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Spokane, Washington  Est. May 19, 1883
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Miss Manners: ‘No gifts’ on invitation creates much confusion

Judith Martin And Jacobina Martin Universal Uclick

DEAR MISS MANNERS: My young children had been invited to several birthday parties where some variation of “No gifts” had been designated. I decided to take them at their word and not bring a gift.

At the door, we were met by an adorable birthday child whose little face fell as she asked my son, “Didn’t you bring a gift?” while pointing to a table full of presents behind her. Everyone else had brought something anyway!

Having learned that hard lesson, I brought a small gift to the next “No gifts” party. This time all the other parents commented that the invitation had clearly stated no gifts, and I was making everyone look bad. Ack!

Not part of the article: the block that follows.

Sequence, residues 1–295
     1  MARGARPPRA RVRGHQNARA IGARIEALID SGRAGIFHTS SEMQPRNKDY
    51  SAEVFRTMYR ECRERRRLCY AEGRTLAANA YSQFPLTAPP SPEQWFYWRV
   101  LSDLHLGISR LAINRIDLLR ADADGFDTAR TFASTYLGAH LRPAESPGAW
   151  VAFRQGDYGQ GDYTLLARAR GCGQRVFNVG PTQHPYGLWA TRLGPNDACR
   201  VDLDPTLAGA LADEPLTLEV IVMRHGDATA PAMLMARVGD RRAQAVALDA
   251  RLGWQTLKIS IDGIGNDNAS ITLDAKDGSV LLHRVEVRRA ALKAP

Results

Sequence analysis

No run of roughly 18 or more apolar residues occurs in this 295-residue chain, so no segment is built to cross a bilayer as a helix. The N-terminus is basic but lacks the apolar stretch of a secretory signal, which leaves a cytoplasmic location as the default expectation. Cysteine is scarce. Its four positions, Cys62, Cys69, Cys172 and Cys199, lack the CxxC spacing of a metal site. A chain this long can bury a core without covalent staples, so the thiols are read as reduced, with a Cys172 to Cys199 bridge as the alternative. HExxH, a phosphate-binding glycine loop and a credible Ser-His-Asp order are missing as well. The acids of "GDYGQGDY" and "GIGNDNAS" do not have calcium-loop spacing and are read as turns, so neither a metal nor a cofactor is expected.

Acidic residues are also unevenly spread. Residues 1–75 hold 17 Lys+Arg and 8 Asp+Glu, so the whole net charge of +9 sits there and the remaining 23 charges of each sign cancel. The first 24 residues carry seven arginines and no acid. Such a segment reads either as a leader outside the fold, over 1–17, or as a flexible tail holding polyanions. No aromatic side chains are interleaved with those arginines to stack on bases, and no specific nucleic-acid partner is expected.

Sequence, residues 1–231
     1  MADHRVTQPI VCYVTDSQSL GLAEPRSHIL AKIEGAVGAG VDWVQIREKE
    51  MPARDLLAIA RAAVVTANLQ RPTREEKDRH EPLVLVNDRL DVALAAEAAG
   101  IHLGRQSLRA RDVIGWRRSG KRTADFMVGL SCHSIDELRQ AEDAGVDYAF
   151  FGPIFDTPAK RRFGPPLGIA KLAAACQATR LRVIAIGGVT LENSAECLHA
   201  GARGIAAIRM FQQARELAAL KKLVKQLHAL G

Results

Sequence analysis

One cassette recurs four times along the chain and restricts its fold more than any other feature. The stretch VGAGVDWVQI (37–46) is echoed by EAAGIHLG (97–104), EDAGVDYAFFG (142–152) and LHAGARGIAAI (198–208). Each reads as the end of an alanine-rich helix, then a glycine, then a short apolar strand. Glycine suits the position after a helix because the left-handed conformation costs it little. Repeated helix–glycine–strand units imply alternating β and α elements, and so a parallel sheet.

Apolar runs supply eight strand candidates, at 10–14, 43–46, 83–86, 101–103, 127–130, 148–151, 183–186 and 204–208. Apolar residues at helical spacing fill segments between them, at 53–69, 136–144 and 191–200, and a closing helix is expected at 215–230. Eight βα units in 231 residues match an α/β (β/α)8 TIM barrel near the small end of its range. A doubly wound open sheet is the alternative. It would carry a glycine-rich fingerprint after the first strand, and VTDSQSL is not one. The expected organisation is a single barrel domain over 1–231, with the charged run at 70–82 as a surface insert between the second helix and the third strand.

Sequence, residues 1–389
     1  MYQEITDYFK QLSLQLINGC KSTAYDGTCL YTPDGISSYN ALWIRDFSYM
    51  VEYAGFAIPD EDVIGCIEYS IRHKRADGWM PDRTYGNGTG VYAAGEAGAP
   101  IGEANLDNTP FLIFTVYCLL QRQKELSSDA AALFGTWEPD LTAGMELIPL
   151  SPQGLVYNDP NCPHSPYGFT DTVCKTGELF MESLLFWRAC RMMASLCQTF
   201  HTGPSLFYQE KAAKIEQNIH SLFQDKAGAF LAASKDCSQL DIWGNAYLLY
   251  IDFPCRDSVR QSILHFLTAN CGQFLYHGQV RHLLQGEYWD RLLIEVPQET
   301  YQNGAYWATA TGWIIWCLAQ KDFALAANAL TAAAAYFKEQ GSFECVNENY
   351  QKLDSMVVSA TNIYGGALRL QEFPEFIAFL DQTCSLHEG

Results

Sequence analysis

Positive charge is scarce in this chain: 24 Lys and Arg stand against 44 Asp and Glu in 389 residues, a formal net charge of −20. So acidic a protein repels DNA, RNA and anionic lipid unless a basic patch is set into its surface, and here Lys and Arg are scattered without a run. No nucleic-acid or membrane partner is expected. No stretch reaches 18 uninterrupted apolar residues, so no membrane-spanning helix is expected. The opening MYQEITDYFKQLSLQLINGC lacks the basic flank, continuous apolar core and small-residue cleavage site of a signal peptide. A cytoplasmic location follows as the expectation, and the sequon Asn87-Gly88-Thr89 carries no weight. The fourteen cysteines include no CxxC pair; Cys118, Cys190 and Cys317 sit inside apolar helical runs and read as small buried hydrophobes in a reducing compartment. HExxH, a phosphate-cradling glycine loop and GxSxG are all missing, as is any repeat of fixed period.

When the next “No gifts” invitation inevitably arrives, what do I do? My inclination is not to attend rather than continue to get it wrong.

GENTLE READER: This is exactly why Miss Manners has a rule against “No gifts” on an invitation. It plants an explicit expectation where there wasn’t one. Clearly, no good can come from doing this if people are ignoring it.

If you are told “No gifts” again and decide to go to the party anyway, do as instructed. And if this meets with a disappointed child, try saying, “I’m so sorry, but your parents told me not to bring anything.”

While it won’t feel good in the moment to dash the hopes of an adorable (but etiquette-impaired) child, doing so may teach him two invaluable lessons: never to ask for presents – and never to let his parents make rude requests on his behalf that they don’t intend to keep.

Please send your questions to Miss Manners at her website, www.missmanners.com.
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